The Securities and Exchange Commission (SEC) has released updated guidance around cybersecurity disclosures as a means of addressing the increasing cyber threats to the financial industry.
Largely upholding many of the prescriptions in its first cybersecurity guidance in 2011, the SEC said the new guidance on cybersecurity risks and incidents expands on the importance of cybersecurity policies and insider trading prohibitions that were not fully developed in the previous guidance.
“In light of the increasing significance of cybersecurity incidents, the commission believes it is necessary to provide further commission guidance,” the SEC said in the guidance released on February 21. “While the Commission continues to consider other means of promoting appropriate disclosure of cyber incidents, we are reinforcing and expanding upon the staff’s 2011 guidance. In addition, we address two topics not developed in the staff’s 2011 guidance, namely the importance of cybersecurity policies and procedures and the application of insider trading prohibitions in the cybersecurity context.”
Cybersecurity has been a concern for the financial industry especially after several large cybersecurity intrusions occurred in the past few years. One of those targeted the SEC, which announced late last year that its Edgar database was hacked in 2016, setting in motion a series of Congressional grillings for chairman Jay Clayton.
The SEC said its guidance is not meant to ask firms to make disclosures about cybersecurity events that would compromise their efforts, like technical information on cybersecurity systems and potential vulnerabilities. Any potential rulemaking depends on how the guidance is received by the industry.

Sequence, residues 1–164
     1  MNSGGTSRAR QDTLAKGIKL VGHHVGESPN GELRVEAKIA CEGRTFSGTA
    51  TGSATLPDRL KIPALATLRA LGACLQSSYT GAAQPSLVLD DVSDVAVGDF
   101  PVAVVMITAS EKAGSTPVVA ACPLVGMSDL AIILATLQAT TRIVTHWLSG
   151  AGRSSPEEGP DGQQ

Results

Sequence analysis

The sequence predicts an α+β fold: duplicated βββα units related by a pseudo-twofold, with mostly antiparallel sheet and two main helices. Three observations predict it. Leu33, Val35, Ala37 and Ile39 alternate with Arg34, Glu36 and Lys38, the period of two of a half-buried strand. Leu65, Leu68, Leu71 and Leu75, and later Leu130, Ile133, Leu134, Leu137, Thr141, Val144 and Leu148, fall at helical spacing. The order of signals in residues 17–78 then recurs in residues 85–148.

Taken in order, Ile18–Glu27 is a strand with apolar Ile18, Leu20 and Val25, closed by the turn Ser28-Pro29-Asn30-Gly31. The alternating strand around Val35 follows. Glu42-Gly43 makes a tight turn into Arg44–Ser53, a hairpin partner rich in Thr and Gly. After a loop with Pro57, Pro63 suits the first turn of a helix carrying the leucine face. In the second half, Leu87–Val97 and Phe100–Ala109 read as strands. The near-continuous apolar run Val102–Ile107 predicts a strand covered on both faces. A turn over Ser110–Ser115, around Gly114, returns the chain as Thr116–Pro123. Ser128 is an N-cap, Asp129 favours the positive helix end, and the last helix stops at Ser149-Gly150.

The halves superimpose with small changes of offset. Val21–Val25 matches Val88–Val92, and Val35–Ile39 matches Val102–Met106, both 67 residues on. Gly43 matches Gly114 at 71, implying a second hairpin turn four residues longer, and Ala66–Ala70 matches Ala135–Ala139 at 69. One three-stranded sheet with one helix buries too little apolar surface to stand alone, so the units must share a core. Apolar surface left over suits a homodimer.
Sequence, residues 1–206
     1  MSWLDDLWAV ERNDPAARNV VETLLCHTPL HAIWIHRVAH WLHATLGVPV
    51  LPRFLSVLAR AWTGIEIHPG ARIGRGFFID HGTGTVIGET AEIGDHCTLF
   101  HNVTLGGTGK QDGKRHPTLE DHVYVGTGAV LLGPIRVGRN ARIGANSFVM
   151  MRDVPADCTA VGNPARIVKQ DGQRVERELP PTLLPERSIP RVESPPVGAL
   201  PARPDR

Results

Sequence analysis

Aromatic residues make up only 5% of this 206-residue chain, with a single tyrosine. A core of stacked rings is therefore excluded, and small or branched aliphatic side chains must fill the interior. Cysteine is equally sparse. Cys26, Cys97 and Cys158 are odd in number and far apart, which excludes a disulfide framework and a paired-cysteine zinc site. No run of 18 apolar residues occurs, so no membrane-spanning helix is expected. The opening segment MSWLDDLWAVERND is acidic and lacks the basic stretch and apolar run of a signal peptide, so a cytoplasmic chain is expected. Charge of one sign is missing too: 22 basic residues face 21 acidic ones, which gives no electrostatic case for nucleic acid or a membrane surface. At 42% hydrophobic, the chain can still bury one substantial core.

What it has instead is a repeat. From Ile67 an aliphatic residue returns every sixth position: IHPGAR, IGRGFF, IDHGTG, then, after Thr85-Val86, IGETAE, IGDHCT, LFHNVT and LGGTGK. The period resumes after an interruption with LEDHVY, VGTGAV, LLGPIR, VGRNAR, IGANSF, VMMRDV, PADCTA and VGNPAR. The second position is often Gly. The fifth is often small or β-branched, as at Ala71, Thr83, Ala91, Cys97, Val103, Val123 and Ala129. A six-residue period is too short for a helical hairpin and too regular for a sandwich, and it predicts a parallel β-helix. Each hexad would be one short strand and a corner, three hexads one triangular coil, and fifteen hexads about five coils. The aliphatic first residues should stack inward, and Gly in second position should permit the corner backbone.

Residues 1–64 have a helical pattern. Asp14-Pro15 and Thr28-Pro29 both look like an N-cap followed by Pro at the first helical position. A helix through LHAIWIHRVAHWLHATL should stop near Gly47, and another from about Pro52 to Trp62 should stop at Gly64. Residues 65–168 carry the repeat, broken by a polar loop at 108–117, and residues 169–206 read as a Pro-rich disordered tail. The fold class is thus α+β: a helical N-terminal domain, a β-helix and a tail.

Under the guidance, companies are encouraged to enact cybersecurity risk management policies and regularly assess compliance “including the sufficiency of their disclosure controls and procedures as they relate to cybersecurity disclosure.” The regulator said disclosure policies should not be limited to cybersecurity events, but include timely collection and evaluation of information.
The SEC already requires disclosures around risk and the guidance, it said, and reminded firms that large cybersecurity events must be reported, so escalated analysis is encouraged to determine the impact of the incursion on a higher corporate level. The SEC said it understands companies may see multiple cybersecurity events every day but encouraged them to elevate cybersecurity analysis so it can be reported in a timely manner.
New to the cybersecurity guidance is a section on insider trading based on knowledge of cyber threat incidents that are not made public, especially now that cybersecurity incidents have become a material event that can affect stock prices.
“We encourage companies to consider how their codes and insider trading policies take into account and prevent trading on the basis of material nonpublic information related to cybersecurity risks and incidents. The Commission believes that it is important to have well-designed policies and procedures to prevent trading on the basis of all types of material non-public information, including information relating to cybersecurity risks and incidents.”
Despite the release of the guidance, SEC commissioners Kara Stein and Robert J Jackson Jr. noted the Commission still has to do more in light of increasing cybersecurity threats and the continued dearth of what Stein called “elusive meaningful disclosures” around cybersecurity events.
“While it may have the potential of providing both companies and investors with incremental benefit, the guidance does not sufficiently advance the ball—even in the context of disclosure guidance,” Stein said in a statement. “Even more, it may provide investors a false sense of comfort that we, at the Commission, have done something more than we have.”
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